The Obama administration has botched its response to the wave of migrants flooding the southern border, a Texas Democrat charged Sunday.


Rep. Henry Cuellar (Texas), a Blue Dog Democrat who represents a border district, said the administration simply failed to anticipate a predictable crisis and remains "one step behind" in addressing it.

"We should have been ready for this surge — the administration should have been ready," Cuellar said on CNN's "State of the Union" program. "With all respect to the administration, they're one step behind. They should have seen this coming a long time ago … because we saw those numbers increasing."

In the month of May, law enforcement apprehended roughly 48,000 migrants along the Texas border alone, 9,700 of them were children unaccompanied by an adult, Cuellar said. The wave has overwhelmed law enforcement, courts, detention centers and healthcare agencies attempting to manage it.

Republicans have blamed Obama for the spike in numbers, arguing that his Deferred Action for Childhood Arrivals (DACA) program, which provides temporary legal protection to some immigrants brought to the country illegally as kids, has encouraged the influx.

Cuellar disagreed, placing the blame largely on the shoulders of Central American drug lords, who are reportedly charging families thousands of dollars to bus their kids to the border under the false premise that they'll be eligible for the DACA program.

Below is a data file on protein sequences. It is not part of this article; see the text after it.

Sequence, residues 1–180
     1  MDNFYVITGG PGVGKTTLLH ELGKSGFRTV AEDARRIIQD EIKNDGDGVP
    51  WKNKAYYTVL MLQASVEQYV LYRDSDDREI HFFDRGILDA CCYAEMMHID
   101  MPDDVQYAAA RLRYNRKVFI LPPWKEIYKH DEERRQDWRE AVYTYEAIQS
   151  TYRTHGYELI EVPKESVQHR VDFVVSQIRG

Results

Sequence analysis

But Cuellar also acknowledged that current system does give parents an incentive to bring their kids to the border.

"There is an incentive that, if you bring your child over here, or you're a child by yourself, you're going to be let go. And that's exactly what's happening," Cuellar said. "Our immigration courts are so back-logged. There's not enough detention spaces. … This is the incentive we have to take away."

Responding to the crisis, Obama has asked Congress to provide $2 billion in emergency funding and vowed to shift more personnel to the border.

The president will travel to Texas next week, but he does not have plans to visit the border — a decision the White House defended on Thursday.

“The reason that some people are suggesting the president should go to border when he’s in Texas is because they’d rather play politics than actually trying to address some of these challenges,” said spokesman Josh Earnest.

Cuellar on Sunday encouraged Obama to reconsider.

"It would be nice of him to come down to the border, but with all due respect, I think he's still one step behind," Cuellar said. "They knew this was happening a year ago, … and they're not reacting fast enough at this time."